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Advice Needed

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Aaron CadieuxAdvice Needed
by on Jan 20, 2010 at 5:02:40 am

Hello Everyone,

Please forgive me in advance for the long story. I have a tricky situation at hand for which I need some advice. I work as the video editor for an ad agency. It's a small operation, just my boss, his wife, and I.

At the end of October, we produced a political video for a new political party (of which I am not a member) forming in the state in which I work (not live). I edited the video. In November, my bosses went away on a 2-week vacation. I ran the office while they were away.

While my bosses were gone, I got a phone call from a reporter. He proceeded to ask me some questions about the video that we produced. Looking back on it, I shouldn't have answered his questions, but unfortunately, I did. He asked me the following 4 questions.

Him - Who wrote the piece?
Me - I don't have enough information to answer that

Him - Who did the voiceover for the piece?
Me - My boss, Mr. X

Him - What did you do for the video?
Me - I shot much of it, and edited all of it

Him - Were you paid for your work?
Me - I am a salaried employee, and the video was part of my regular workload

That was it for questions. I answered only the ones I knew the answers to, and I answered 100% truthfully. Within an hour, a blog entry was made (by this "reporter") on a local political web site claiming the video (which my bosses gave as an in-kind donation to this new political party) was in violation of state law.

To make a long story short, this new party is in hot water regarding this video now. Apparently, my bosses (who are members of this new party) cannot use a salaried employee to work on a political contribution since the contribution is an in-kind donation. As it turns out, legally, I should have been paid extra on top of my salary for working on this video. The only other legal option would have been if I had agreed to work on it for free as well (which I would never have agreed to since I don’t live in the state in which the party operates). As it stands right now, my bosses would be guilty of coercion.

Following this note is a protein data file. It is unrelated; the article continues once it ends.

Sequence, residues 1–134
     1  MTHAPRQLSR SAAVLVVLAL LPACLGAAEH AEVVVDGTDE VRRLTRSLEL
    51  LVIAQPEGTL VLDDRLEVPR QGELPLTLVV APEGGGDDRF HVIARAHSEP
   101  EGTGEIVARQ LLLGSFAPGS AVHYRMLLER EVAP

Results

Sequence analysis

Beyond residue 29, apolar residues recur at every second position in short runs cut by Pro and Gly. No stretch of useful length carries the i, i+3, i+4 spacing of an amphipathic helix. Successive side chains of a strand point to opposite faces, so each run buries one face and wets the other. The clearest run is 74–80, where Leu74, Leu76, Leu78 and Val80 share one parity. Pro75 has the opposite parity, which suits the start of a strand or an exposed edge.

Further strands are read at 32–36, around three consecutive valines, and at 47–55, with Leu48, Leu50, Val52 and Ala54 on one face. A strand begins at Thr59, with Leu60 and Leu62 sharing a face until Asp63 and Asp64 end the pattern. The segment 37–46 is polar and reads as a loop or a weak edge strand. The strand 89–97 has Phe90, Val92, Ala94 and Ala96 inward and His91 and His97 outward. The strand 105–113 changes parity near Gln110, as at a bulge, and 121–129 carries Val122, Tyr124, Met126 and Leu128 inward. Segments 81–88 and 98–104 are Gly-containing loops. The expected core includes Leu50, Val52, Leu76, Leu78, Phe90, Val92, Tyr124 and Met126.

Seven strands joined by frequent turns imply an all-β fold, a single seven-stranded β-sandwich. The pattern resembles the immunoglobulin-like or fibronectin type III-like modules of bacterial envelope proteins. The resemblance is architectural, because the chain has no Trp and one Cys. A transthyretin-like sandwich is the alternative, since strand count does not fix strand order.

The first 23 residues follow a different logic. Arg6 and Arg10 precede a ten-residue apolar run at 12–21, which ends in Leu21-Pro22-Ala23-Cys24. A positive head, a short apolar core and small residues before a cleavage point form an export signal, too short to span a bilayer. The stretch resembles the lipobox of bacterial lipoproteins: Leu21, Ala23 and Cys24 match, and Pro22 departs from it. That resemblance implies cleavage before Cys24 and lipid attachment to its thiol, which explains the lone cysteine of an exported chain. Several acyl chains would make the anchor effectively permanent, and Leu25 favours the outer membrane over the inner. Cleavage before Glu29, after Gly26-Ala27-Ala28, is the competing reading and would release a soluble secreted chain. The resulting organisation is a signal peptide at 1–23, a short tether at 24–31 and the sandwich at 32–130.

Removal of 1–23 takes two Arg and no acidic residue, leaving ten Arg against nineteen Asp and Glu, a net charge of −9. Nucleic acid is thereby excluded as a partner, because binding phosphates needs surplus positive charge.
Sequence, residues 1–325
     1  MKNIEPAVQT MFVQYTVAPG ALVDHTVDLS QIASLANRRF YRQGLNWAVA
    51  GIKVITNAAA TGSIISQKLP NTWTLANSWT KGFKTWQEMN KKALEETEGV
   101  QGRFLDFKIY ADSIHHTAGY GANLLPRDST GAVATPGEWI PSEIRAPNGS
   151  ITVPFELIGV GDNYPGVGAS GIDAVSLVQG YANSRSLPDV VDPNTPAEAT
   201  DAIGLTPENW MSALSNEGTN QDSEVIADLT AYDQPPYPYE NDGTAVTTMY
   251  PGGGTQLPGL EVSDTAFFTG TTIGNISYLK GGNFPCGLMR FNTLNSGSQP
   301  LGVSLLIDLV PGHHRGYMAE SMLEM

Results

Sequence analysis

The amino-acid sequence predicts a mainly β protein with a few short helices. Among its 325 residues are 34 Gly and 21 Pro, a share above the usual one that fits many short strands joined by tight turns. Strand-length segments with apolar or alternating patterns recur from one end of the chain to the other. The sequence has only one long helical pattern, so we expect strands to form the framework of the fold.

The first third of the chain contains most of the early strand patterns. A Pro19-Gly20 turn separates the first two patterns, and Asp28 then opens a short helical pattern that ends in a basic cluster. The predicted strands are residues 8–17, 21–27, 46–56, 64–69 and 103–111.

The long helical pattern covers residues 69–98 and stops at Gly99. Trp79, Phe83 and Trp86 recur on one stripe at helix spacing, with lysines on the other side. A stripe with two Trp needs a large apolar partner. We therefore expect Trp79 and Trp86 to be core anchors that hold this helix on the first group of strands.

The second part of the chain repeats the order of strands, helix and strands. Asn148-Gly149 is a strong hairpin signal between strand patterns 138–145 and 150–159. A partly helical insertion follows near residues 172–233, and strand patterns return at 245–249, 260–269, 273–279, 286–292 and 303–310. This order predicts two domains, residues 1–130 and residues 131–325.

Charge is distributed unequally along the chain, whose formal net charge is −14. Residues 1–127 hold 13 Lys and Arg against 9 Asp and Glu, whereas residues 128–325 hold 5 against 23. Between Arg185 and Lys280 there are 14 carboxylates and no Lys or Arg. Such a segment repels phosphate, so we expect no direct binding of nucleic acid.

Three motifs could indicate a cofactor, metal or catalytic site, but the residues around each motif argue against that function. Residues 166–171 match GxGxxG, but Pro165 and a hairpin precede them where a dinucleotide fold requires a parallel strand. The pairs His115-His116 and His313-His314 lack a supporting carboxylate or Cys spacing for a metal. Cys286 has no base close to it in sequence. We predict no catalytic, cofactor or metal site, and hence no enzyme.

Now the new party is under investigation. My bosses are trying to think of ways to get around their illegal donation. They cannot say that I worked on the video “in kind”, because I have already been quoted otherwise. As a result, they have asked me to lie if questioning occurs. They want me to say that I was paid an additional $500.00 on top of my salary to work on the video. I will not actually be paid that money; I am just supposed to say that I got it.

Like I said, I never should have answered the reporter’s questions. However, I answered truthfully, and now I’m being asked to lie to cover my bosses’ and the political party’s behinds. This situation raises a number of questions for me.

If questioned, should I lie? Is lying going to get me in trouble for the illegal activity of my bosses and their political party?

Should I ask to be paid the extra compensation I apparently was supposed to have been paid?

Do I need to consult a lawyer now?

Should I continue working for people who are asking me to lie in order to hide illegal activity?

Thanks in advance for your opinions.

Best Regards,

Aaron


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David Roth WeissRe: Advice Needed
by on Jan 20, 2010 at 5:32:25 am

The answer is very simple, your bosses should admit they made a mistake due to ignorance of the law, and they should pay you retroactively.

However, now that this is posted for all to see, I'd assume that so-called reporter will undoubtedly find this thread straight away, unless you kept your name from him. Oh BTW, that reporter is no reporter, he's a political investigator, political commentator, political activist, or something, but he's no reporter or journalist.

David Roth Weiss
Director/Editor/Colorist
David Weiss Productions, Inc.
Los Angeles

POST-PRODUCTION WITHOUT THE USUAL INSANITY ™


A forum host of Creative COW's Apple Final Cut Pro, Business & Marketing, Indie Film & Documentary, and Film History & Appreciations forums.


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Fernando MolRe: Advice Needed
by on Jan 20, 2010 at 5:39:56 am

I agree. Be truthful.